Welcome to the brand new Arthive! Discover a full list of new features here.

A hired shepherd

William Holman Hunt • Painting, 1851, 76.4×109.5 cm
About the artwork
Art form: Painting
Subject and objects: Genre scene, Allegorical scene
Style of art: The Pre-Raphaelites
Technique: Oil
Materials: Canvas
Date of creation: 1851
Size: 76.4×109.5 cm
Artwork in selections: 19 selections

Description of the artwork «A hired shepherd»

"Hired shepherd" is artistic appreciation of William hunt of the parable of the good shepherd and a hired worker. Familiar, at first glance, the pastoral scene takes on a deeper meaning a careful reading of every detail depicted on the canvas.

"Hired Shepherd": the rural idyll or Christian allegory

In the center of the composition — the young shepherd and shepherdess resting on the grass near a wheat field. They both don't pay attention to invading into the wheat and ruin a farmer's harvest sheep, which obviously do not belong there. Behind, to the left of the heroes in the mess scatter the sheep. Several obese are weak-willed sheep, obviously pureav beans. Hunt loved nature and knew the features of farm business. Using mundane household details, the author draws attention to a deeper and more meaningful things. The first sensation of a pastoral love scene disappears, and the viewer is forced to look for less attractive but more important the meaning of the painting.

"I am the good shepherd: the good shepherd giveth his life for the sheep. The hireling, not the shepherd, whose own the sheep are not, seeth the wolf coming and leaves the sheep and flees; and the wolf catches the sheep and scatters them. The hireling flees, because an hireling, and neradit about the sheep." (Jn. 10:11-13) But the mercenary hunt is not running, throws the sheep to the wolf, he — wolf that kills sheep, yielding to lust and laziness. Peasant clothing, a flask on the belt, strong muscular arms and curly hair talking about primitive instincts and rudeness of the character.

Like sheep sneak into the forbidden territory for them, and the shepherd commits lawlessness, arrogant and cocky when close to the figure to the young woman. Throwing an arm across her neck, he shows her the dead moth — a symbol of ease and carelessness. The pose of the woman demonstrates her complicity, she leaned back slightly and brought the hand closer to the young man. However, the herd's face, bright and ruddy, shows a Frank smile in the address of the boyfriend. Cowgirl dressed in red with long wide dress that covers her completely, except for bare feet, almost descended into an overgrown Creek. On top of wearing a large white shirt, and bright red hair tied with a yellow kerchief. Girl on lap sitting lamb, covered with a red shawl — a symbol of sacrifice and innocence. — Bitten off green Apple and a few apples scattered on the grass is an obvious reference to the fall.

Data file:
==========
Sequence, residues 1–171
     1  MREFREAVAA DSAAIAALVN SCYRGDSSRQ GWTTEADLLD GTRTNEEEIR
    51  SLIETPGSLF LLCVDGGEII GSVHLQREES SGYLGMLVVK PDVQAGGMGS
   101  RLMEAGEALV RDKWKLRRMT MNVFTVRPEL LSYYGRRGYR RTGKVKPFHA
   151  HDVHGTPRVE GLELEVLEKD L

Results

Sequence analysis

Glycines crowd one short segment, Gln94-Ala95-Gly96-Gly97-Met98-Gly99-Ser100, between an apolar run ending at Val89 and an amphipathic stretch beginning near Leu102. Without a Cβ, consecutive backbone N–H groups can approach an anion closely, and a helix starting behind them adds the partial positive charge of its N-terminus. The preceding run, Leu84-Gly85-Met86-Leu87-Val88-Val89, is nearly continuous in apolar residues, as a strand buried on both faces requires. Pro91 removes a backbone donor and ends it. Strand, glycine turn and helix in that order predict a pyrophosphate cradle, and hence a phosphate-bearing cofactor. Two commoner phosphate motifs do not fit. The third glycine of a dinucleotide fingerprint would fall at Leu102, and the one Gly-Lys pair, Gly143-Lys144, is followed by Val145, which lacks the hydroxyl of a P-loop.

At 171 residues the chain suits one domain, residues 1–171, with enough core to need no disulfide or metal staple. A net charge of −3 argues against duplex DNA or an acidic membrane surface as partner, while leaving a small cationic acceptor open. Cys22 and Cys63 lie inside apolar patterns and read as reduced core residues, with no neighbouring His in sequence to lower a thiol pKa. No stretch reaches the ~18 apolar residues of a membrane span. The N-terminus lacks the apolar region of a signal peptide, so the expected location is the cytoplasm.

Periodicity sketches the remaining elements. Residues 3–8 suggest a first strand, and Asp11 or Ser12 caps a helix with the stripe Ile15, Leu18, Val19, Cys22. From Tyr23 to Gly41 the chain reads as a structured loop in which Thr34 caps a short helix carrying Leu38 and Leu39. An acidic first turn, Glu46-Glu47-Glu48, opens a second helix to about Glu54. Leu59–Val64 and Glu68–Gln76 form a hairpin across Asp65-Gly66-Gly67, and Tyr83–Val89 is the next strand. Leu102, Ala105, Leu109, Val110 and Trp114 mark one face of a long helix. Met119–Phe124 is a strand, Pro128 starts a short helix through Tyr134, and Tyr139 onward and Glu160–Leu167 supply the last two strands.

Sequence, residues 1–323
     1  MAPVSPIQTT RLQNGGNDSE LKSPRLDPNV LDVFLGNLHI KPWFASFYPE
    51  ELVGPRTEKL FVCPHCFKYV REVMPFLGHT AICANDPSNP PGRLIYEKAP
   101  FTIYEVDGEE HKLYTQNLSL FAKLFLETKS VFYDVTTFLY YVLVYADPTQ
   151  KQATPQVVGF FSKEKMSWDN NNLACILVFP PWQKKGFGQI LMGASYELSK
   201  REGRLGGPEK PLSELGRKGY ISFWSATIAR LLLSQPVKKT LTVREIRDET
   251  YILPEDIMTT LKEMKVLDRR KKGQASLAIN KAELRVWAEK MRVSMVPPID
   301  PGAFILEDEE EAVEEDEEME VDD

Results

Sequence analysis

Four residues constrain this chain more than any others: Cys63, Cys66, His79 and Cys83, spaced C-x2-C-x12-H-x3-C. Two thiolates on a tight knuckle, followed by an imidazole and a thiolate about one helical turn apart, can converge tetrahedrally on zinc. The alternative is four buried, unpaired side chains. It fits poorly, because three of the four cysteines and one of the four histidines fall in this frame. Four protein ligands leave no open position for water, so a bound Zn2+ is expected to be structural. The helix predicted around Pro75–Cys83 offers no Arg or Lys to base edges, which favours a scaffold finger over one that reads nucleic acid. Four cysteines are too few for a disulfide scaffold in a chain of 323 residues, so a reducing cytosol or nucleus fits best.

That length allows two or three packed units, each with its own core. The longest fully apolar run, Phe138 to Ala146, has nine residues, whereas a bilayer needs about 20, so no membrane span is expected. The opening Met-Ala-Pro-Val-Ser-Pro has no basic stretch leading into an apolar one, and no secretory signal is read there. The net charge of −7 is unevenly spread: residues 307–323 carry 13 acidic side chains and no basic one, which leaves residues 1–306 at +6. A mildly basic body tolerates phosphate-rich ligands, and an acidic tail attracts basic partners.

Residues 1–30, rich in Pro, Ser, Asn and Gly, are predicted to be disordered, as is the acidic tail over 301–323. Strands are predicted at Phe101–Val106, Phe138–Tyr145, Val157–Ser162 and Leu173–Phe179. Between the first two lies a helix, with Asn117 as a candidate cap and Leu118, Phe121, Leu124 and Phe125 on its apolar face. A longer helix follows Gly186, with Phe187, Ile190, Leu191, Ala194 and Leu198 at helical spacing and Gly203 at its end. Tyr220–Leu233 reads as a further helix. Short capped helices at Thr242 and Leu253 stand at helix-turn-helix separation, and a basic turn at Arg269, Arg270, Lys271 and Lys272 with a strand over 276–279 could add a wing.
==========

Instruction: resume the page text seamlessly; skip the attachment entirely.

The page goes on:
Bright summer colors are too bold for painting of the mid XIX century, give the impression of juiciness, pristine, almost physically convey the feeling of a sultry August day. Every detail of the countryside, flowers, grass, fruits and even sheep wool are spelled out with unprecedented thoroughness and naturalistic, following the basic rule of the pre-Raphaelites to be as close as possible to nature and natural beauty.

Hunt wrote a picture of "Hired shepherd" in the summer of 1851, when Millcreated "Ophelia". Young artists went down the river Hogsmill to find a suitable place for plein air. Hunt was looking for meadows mill and the coastal landscape. Hunt wrote the landscape completely in nature, working eleven hours a day from June to October. In his correspondence he describes in detail all the difficulties that accompanied their picturesque way: endless flies, heat, thirst, and two geese, regularly spoiling the composition. Walking, like-minded people often talked with the locals. So one of the girls — Emma Watkins has agreed to be the model for the painting hunt. Getting your mother's permission, she went with the artist to London, where he wrote it in his workshop. Who posed for the male figures is unknown, but researchers believe that it was a professional sitter.

"Hired Shepherd" by William hunt: the reaction of Victorian society

When the painting was first exhibited at the Royal Academy of arts, she was accompanied by a quote from "King Lear":

Don't sleep, the shepherd, chase the dream
Your herd in the rye.
Put your horn to your mouth
And the way they show.

Despite the direct promise preachy and almost gospel illustration on canvas, society has made the picture extremely unfavorable. People were irritated, red, inflamed passion of the faces of the heroes of the story, their figures have seen sexually explicit message at the bottom. Critics have compared this picture with "Ophelia," Millais, marveling at her porcelain of aristocracy as sharp and unpleasant contrast.

It is at this point beyond saving paper by John Ruskin, praising the new trends in art, reflected in the worldview of the pre-Raphaelites. It gives the public understanding of the importance of the work hunt.

It's funny that some reviewers have perceived the scene as "anti-alcohol" call, explaining flushed hot face men and women an excess of beer and cider. By the way, alcohol was one of the major social issues of the time.

Other critics have noted in the "Hired shepherd" a negative assessment of the Catholic Church, alleged fraud attracted the Anglican flock.
Nevertheless, even among modern scholars, free in his judgment, there are those who ignore the Christian meaning of the painting, explaining it by the desire of the artist to teach its viewers to industry.

The hunt in his correspondence mentioned that he had had as its aim is not only to explain the parable of Christ, but to show modern preachers need to engage his flock, not to go into empty theological disputes.

The painting was acquired by art gallery in Manchester in 1852 for £ 300.